Forum software solutions have a way of indicating whether threads (and in the case of Daniweb forums to) have had their content viewed by a user.

How exactly is this done? Is reference to every page a user has explored stored somewhere, for every user (or for every page)? That seems like a huge amount of data potentially..

A solution I figured out was to write the modified date of a target file to a query string variable when rendering hyperlinks to that file; in most browsers, this makes links show as visited when a user has seen the target file but only if the target file hasn't been modified since the last time they saw it.

This is by no means ideal because a user might come on from a different computer or browser; and could think that they haven't followed any links...

I'm all for implementing detailed tracking per-authenticated user; but that means only authenticated users get the benefit of knowing when things are 'new'. Still; I suppose I could create a new guest account for every IP address.

Is there something I'm missing? I can see myself blowing my storage allowance on per-page user tracking O_o

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The problem with your solution is that all users see the same file properties. But some users have followed the link, while others have not.

There are two ways to mark links as "visited"

- The browser can keep track of visits. This is the normal way of doing it. The browser has a list of visited links, and an adjustable time limit on the period of life for each link.

- This is what cookies are for. The website keeps a cookie on each user's browser. This can be as simple as noting the last time the user logged out, or as complicated as keeping a set of links to visited links.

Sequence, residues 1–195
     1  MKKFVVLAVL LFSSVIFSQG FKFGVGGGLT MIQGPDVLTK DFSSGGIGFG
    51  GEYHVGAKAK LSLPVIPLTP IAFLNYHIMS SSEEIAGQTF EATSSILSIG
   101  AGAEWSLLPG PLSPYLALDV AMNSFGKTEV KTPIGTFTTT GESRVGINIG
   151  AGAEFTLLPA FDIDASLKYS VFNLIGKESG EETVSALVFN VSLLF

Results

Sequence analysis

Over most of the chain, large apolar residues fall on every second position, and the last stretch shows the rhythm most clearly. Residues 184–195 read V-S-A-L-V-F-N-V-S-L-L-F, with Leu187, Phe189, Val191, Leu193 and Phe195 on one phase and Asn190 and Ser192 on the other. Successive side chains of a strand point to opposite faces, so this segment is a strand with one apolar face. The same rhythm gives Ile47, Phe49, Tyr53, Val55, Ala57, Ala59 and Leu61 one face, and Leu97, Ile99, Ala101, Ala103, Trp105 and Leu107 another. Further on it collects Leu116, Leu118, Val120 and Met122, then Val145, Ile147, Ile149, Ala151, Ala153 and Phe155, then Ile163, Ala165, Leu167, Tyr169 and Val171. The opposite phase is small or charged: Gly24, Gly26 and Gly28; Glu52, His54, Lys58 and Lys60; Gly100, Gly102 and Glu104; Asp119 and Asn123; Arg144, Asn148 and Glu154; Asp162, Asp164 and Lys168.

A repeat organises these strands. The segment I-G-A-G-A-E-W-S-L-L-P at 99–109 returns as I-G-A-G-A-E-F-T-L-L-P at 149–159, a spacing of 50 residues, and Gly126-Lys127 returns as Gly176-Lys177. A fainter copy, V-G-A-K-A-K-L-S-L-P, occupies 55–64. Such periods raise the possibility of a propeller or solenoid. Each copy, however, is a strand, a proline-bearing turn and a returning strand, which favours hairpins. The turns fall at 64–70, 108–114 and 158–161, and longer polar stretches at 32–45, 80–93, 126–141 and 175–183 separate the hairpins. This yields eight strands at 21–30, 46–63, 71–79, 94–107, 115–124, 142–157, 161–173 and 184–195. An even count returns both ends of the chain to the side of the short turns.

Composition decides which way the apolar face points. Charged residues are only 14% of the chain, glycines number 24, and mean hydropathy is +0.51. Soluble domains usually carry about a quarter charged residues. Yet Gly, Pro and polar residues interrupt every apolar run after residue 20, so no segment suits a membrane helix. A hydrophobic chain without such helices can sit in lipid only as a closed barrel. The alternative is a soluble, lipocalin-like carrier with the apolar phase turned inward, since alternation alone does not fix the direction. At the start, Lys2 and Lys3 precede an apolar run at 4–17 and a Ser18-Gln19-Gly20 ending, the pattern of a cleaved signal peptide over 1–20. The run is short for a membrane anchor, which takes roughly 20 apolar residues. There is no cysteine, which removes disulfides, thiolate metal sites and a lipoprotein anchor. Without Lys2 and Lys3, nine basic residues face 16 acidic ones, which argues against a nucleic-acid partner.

The problem with both of these is that they don't work across different computers. In both cases, the information is saved on the user's computer. A database for this on a server with a large client base would be prohibitively huge.

One other possibility for keeping the user straight on multiple computers is to use a briefcase system, and put the browser's history and cookie files in the user's briefcase.

Ah, I should have been more specific there; it's not just important if a link has been visited; but also if data in and X virtual 'directories' below a current directory has been modified since a user last saw it.

I suppose cookies could work. I didn't really consider using them; I rate a site setting a new cookie more than a few times in a session as a large irrtatant (only because my browser's usually in a testing mode and asks me about every cookie a page tries to set).

I suppose (because my virtual directories are physical) that it would be quite alot simpler with cookies, good use of path/domain would mean much less need for classification at my end.. But indeed; it's not transferent between computers/browsers, and would generate a potentially huge amount of cookie data for my users...

My site uses a logging method already; at present every user has a file-vector into the folder representing their current location... I suppose it'd be simple (and fast per-request) to make those vectors leave persistant impressions. Limiting the persistance of information to the top X sublocations from a location would be ok aswell..

It seems quite a big planning task for something that on-the-face-of it seems simple.

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